Plaza de les Glories
Barcelona has a unique urban identity due to its role as both a port and the capital of Catalonia. Its different areas have traditionally been organized around open spaces, such as squares and plazas, used by residents for commercial and social activities. The waterfront was traditionally an industrial area. The ground ranges from hilly to mountainous and the city is built on a number of different gradients which, along with the pedestrian character of many of the neighbourhoods (recognised by Cerda in his urban plan in the 1900s), have given the city a very distinctive infrastructure. When roads became a priority in city planning, this had a significant effect on most of the neighbourhoods During the 1920s Plaza las Glorias was one of the last public spaces to be developed as part of Cerda’s Masterplan, opening up much of the site to cars and causing people to migrate away from the site, which created a process deterioration still going on today.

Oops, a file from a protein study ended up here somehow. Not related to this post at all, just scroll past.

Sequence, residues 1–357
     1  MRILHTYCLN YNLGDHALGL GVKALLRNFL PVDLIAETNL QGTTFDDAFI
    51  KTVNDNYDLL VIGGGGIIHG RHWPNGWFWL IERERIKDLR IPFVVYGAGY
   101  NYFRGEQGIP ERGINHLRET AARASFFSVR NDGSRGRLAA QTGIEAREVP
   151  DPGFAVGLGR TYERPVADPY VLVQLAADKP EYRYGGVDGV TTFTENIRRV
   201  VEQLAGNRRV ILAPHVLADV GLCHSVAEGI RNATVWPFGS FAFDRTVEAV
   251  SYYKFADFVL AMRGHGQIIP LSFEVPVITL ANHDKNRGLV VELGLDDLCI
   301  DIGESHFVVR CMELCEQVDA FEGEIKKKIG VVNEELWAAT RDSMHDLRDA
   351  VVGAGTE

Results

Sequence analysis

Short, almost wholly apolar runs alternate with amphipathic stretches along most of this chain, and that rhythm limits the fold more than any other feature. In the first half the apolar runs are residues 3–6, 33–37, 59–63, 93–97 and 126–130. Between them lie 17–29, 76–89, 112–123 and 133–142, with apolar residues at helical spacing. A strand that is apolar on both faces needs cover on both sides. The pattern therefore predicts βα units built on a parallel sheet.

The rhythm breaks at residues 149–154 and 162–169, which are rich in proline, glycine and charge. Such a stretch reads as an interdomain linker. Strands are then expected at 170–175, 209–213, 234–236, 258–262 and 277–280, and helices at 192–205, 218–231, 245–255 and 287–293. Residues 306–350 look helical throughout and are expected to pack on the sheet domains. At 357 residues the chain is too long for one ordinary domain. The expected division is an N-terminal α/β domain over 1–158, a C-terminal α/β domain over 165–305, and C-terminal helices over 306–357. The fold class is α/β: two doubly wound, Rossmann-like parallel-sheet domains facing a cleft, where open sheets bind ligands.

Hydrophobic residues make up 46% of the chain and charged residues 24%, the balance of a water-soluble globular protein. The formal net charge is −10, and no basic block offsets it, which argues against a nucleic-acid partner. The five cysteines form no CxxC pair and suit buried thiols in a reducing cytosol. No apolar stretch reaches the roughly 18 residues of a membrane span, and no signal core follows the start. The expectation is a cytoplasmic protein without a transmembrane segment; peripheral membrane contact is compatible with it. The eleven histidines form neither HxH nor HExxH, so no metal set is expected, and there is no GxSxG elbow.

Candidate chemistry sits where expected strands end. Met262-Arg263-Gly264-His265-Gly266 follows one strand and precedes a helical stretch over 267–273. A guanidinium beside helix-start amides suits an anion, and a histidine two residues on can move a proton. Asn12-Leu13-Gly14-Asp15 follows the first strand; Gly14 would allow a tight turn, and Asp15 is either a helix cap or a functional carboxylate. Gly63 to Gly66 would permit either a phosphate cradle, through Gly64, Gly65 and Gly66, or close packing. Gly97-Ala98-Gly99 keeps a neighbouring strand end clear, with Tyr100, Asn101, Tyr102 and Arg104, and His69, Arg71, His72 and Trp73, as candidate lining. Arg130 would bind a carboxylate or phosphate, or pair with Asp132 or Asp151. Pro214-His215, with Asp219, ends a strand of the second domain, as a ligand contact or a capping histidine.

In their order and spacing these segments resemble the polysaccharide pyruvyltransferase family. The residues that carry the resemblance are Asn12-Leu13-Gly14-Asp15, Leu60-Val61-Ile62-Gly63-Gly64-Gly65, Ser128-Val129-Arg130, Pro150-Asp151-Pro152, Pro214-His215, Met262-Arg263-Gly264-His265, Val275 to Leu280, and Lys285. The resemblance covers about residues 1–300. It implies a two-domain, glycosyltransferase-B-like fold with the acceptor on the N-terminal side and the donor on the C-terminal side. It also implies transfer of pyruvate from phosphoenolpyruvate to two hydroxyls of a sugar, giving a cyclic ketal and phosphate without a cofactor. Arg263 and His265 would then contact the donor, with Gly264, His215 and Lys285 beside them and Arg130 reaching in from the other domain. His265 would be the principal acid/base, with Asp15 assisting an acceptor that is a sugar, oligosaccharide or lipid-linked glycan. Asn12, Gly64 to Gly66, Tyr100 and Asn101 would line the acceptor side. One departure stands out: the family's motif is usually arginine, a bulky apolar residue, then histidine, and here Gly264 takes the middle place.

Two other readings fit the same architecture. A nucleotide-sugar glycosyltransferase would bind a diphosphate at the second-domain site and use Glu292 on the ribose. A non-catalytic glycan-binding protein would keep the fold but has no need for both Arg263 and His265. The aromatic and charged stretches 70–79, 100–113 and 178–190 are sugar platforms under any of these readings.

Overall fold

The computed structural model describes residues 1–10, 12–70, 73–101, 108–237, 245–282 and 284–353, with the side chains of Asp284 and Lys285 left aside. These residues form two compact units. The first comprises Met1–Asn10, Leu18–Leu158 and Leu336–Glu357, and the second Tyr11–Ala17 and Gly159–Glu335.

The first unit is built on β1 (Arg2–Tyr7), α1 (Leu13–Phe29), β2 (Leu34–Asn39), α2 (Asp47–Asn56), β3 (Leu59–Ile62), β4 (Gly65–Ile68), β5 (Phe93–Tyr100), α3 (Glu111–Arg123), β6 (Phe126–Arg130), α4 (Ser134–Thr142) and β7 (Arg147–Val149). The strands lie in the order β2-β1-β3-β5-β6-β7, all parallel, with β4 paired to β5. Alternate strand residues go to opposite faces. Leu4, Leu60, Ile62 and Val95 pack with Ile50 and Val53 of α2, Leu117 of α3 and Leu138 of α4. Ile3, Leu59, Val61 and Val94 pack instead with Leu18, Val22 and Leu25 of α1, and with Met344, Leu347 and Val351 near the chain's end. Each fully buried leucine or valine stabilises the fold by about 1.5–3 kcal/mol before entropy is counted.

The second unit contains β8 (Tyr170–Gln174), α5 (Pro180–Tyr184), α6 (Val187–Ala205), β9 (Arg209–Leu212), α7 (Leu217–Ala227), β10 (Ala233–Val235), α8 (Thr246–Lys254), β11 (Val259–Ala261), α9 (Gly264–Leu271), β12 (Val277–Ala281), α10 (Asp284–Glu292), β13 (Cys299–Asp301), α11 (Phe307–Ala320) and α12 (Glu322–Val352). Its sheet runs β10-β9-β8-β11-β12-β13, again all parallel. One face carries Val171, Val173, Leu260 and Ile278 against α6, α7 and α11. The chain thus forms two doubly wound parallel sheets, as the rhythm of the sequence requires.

The design intent for this project was to create a third system (based on the first system of Cerda’s plan and the second system that opened up the site to cars) of moving away from the site’s very rigid urban order of the site and reconnect urban centres around and through it. To achieve this, footfall would be enhanced from north west to south east of the site by picking pedestrian flow from the metrol station. New retail spaces would be established, with the flow of people directed an open marketplace. Form and surface would be used to change the existing balance of the axes on the site, enhancing Av. Diagonal and drawing the focus down towards the waterfront. The contours of the ground would be manipulated to shape the space above and through the site. using a malleable surface stretched over the space to create floors and ceilings that would effortlessly connect the different levels of the site. This new topography of creating a landscape within the city would correspond to the mountains and hills around it.